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Launch of ATU’s Atlantic Sustainable Tourism Observatory Ireland

Ensuring Ireland is a Great Place to Live and a Great Place to Visit!

May 2024 

Hey all I am delighted to share much-needed big news in the Irish tourism scene!

As you probably know from my profile, I am a loyal follower and supporter of ATU, particularly the Sligo body. Back in 2004, I was proud to achieve one of the first Business Studies and Tourism Degrees. I am even prouder today to say that my then and current chief Head Lecturer Dr James Hanrahan has made possible Ireland’s first INSTO Observatory in Ireland which will utilise the European Tourism Indicator System (ETIS) for Sustainable Tourism. . Backed up with much-needed higher education.

  • Sustainable Tourism & Event Management (in Master, Postgraduate and Certificate levels) and;
  • Sustainable Tourism and Event Measuring and Monitoring in Certificate Level 9

I was invited to attend the launch on Thursday 2 May, 2024, vitally important to the future Vision of Irish Tourism.

The Vision: 2030 will see Ireland as a leader in sustainable tourism growth, delivering a unique visitor experience which delivers regional economic growth based on value over volume, while respecting environmental, social and community values.

We heard important insights from Catherine Martin, Minister for Tourism, Culture, Arts, Gaeltacht, Sport, and Media and UN Tourism Director of Sustainable Tourism Dr Dirk Glaesser.  Dr Glaesser was proud to announce that the Atlantic Sustainable Tourism Observatory Ireland achieved the distinction of becoming the first member in Northern Europe of the UN Tourism International Network of Sustainable Tourism Observatories (INSTO) in November 2023, this makes a significant milestone in Ireland’s contribution and dedication to sustainable tourism practices.

Minister Catherine Martin spoke about how the new Irish Tourism Policy Framework 2030 will be underpinned by sustainability. She reinforced the importance of this tourism milestone and how it will enable Ireland and its tourism businesses to step up their game and compete against other destinations. We will for the first time be able to plan, monitor, develop and manage the future of sustainable tourism by assessing the economic, social, and environmental impacts of our tourism destinations.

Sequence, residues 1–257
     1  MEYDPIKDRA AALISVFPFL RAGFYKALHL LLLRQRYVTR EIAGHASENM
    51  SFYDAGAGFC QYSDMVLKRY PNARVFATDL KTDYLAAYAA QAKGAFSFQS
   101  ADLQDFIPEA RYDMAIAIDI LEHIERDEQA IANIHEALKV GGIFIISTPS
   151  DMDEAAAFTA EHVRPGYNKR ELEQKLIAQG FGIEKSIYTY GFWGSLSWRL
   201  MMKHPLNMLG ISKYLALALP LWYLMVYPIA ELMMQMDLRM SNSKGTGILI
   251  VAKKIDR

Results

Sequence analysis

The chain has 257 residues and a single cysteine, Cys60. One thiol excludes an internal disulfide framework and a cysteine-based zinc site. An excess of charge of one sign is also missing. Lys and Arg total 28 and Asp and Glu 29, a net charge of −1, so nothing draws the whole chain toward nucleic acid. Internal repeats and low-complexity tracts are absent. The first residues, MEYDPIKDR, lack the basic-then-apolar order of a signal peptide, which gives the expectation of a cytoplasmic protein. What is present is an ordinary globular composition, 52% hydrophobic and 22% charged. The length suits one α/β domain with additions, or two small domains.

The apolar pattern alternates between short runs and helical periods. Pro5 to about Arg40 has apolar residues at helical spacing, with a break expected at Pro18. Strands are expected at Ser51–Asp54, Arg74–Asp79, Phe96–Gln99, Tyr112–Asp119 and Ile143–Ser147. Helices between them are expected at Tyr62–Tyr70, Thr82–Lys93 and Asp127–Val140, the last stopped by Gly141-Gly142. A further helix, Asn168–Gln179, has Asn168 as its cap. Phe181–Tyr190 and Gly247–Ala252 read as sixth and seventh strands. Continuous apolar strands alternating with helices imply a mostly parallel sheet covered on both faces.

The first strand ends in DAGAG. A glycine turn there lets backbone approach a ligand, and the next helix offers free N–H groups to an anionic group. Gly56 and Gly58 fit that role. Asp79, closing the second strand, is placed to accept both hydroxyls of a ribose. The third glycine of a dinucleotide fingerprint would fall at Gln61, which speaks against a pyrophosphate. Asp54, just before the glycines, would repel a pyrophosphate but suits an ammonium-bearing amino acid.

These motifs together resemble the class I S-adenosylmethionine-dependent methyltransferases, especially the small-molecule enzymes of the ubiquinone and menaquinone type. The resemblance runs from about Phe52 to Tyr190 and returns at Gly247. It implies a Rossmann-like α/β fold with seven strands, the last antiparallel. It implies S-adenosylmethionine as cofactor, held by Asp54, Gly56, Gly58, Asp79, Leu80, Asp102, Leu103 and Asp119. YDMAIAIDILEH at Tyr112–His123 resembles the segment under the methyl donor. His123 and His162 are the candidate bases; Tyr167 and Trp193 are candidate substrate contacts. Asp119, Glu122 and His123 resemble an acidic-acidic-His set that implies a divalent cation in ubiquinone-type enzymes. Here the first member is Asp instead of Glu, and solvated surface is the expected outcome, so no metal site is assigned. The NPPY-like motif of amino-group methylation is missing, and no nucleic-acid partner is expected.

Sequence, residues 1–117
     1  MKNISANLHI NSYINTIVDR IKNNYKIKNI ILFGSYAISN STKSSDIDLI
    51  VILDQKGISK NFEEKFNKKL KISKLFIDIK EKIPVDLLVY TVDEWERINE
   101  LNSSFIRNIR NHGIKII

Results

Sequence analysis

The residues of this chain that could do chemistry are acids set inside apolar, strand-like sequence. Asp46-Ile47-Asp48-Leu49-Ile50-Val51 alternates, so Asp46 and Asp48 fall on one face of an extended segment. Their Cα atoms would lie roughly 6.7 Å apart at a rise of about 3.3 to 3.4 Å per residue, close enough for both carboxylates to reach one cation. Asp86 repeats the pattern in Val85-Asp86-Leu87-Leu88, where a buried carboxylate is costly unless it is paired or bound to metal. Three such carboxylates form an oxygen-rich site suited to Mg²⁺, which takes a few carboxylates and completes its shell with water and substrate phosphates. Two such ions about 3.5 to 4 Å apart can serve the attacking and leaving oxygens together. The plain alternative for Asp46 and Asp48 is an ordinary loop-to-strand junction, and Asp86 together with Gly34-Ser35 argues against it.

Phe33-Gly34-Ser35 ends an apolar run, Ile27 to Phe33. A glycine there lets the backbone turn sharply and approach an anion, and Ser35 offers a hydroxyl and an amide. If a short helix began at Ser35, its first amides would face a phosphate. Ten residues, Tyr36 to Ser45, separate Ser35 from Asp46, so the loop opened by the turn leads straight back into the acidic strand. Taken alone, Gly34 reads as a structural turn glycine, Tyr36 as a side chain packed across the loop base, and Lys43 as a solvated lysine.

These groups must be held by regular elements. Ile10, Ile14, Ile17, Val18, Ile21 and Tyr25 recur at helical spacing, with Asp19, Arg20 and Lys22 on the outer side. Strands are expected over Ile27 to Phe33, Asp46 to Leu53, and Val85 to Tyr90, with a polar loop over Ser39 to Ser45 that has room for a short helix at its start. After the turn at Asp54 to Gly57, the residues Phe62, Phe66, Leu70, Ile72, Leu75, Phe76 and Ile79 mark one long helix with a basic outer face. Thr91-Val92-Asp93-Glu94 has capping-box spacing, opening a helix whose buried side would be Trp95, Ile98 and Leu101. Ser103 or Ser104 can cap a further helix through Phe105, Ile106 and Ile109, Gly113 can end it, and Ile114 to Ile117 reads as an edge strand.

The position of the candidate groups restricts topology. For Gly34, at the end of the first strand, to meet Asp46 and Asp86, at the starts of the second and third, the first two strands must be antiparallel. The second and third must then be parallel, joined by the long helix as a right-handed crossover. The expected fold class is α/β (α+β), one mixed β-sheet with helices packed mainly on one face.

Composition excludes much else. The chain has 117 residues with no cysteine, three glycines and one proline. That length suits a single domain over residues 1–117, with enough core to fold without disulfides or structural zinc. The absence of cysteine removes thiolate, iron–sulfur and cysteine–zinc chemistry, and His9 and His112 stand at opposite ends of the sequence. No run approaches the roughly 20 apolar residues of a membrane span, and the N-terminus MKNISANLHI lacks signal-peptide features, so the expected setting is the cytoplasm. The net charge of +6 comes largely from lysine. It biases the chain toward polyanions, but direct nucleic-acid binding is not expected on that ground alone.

Minister Martin said “The Atlantic Sustainable Tourism Observatory is a welcome addition to Irish tourism and will help to support sustainable and resilient growth of the sector through measurement and monitoring, supporting the evidence-based management of tourism.  I compliment the team at the Atlantic Technological University for their efforts to secure this designation from UN Tourism and for being accepted as a member of the UN Tourism International Network of Sustainable Tourism Observatories (INSTO).”  

Minister Martin added, “This establishment underscores Ireland’s commitment to sustainable tourism development, aligning closely with global efforts led by INSTO and the United Nations Tourism’s commitments. Through robust measurement and monitoring practices, the observatory will play a pivotal role in monitoring the economic, environmental, and social impact of tourism at the destination level. This can help us foster sustainable and resilient growth in our tourism sector.”